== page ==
Sep 20, 2014 - FAMILIES OF VICTIMS OF DRUNK DRIVING RALLY IN CALGARY USING EMPTY SHOES TO CALL FOR CHANGE

The Empty Shoes Campaign memorial to the victims of drunk drivers set up hundreds of empty shoes at Tonkins Park in Calgary, Alta., 

It was a stark message meant to drive home a serious message.

With 1,460 pairs of empty shoes serving as a backdrop, local politicians, emergency services personnel and family members paid tribute Saturday to those who lost their lives to impaired drivers, and called upon lawmakers to take a harder stand against those who choose to get behind the wheel drunk.

Entitled the ‘Empty Shoes Campaign,’ each pair of shoes laid out at Tomkins Park represented the 1,460 people who die every year on Canada’s roads due to impaired driving, and served as a potent reminder of the loss each of those deaths represent to those left behind.

It’s a loss that Hervin Pena knows all too well.

Speaking at the rally, Pena shared memories of his brother Francis, killed on New Year’s Day when his car was hit head-on by an allegedly impaired driver.

Remembered as one who prided himself in giving rides to friends who had too much to drink, Pena wanted his brother’s death to serve as much good as his efforts in life did.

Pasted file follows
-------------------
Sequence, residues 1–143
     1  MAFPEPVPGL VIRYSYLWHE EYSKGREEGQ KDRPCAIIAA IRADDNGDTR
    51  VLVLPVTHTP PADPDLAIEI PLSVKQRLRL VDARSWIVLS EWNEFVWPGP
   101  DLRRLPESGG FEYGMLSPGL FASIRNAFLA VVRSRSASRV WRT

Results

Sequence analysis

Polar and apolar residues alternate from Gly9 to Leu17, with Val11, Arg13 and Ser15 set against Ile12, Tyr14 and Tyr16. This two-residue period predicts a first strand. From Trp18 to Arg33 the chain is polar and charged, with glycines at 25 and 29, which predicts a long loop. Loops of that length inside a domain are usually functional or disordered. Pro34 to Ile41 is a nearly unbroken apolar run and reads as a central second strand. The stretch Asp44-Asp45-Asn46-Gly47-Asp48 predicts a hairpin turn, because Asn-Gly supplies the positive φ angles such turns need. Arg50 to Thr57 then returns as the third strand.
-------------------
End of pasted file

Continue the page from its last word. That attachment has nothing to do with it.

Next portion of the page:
“I don’t want there to be another person like me,” he said.

“I don’t want to be standing up here to explain what it’s like to lose a brother.

“If I can prevent just one life from being lost by telling his story, it’s worth it.”

While initiatives like the Empty Shoes Campaign are important public education tools, Calgary police deputy chief Trevor Daroux said he can’t help to be frustrated that events like Saturday’s rally need to be held at all.

“It’s difficult not to be frustrated,” he said.

“Despite events like today ... people just still aren’t getting the message.

“Relying strictly on enforcement alone is not going to stop it.”

Justice Minister Jonathan Denis, who also spoke at the rally, stressed the importance of putting a personal face on drinking and driving deaths.

“This is 100% preventable,” he said.

“Nobody really should have to be there.

“Sadly, this message has to get through until the numbers of death are at zero.”

Source: Calgary Sun


 

 

Last updated on: 2014-09-23 | Link to this post